Discovering a piece of history that has remained untouched for decades is what every amateur archaeologist dreams of.
So when John Nunn and Rob Simpson, the founders of Long Melford Heritage Centre, came across photographs of a 200-year-old milestone, their interest was instantly captured.
“I was looking through some old photographs and two suddenly caught my eye,” said Mr Nunn, from The Limes.
The pictures had been given to the pair by the daughter of former village policeman Tom Hewlett, who lived in the old police house in the 1970s.
They showed a milestone on Rodbridge Hill which Mr Hewlett – a keen archeologist himself – had discovered and restored in 1969, but had since been lost.
“We decided we would try to find it and managed to uncover it in a hedge,” said Mr Nunn.
“It was in a very sad state as it has been neglected for years, but is quite remarkable.”
On Saturday, the milestone was excavated and removed with the help of village engineer Simon Webb and will now be restored once again.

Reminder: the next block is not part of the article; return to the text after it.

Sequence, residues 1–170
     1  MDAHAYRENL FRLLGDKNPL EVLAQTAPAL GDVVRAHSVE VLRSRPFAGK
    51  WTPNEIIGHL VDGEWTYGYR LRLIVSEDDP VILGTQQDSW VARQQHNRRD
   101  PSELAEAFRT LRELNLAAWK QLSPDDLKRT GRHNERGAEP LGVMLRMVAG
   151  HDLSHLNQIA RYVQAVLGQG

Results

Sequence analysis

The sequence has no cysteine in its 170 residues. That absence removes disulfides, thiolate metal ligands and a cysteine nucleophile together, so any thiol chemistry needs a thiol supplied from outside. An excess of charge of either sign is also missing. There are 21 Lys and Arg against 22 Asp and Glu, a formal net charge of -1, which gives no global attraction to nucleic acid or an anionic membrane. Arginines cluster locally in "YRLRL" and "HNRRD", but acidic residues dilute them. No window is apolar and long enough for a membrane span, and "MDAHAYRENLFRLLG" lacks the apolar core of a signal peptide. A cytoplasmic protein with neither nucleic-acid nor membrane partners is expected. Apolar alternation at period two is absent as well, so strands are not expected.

The pictures of the mile marker along with the story of the work that went into refurbishing it will then be exhibited in the heritage centre, which opened in May, at the Memorial Village Hall.
“These milestones are getting more and more scare and this one is probably around 200 years old,” said Mr Nunn.
“It is part of our heritage. Stage coaches travelling around the country used to rely on them.
“Hopefully, this one will be another attraction for villagers and visitors to Long Melford to enjoy.”
It is expected that the milestone, which marks the distance to Sudbury and London, will be back in place within the next month.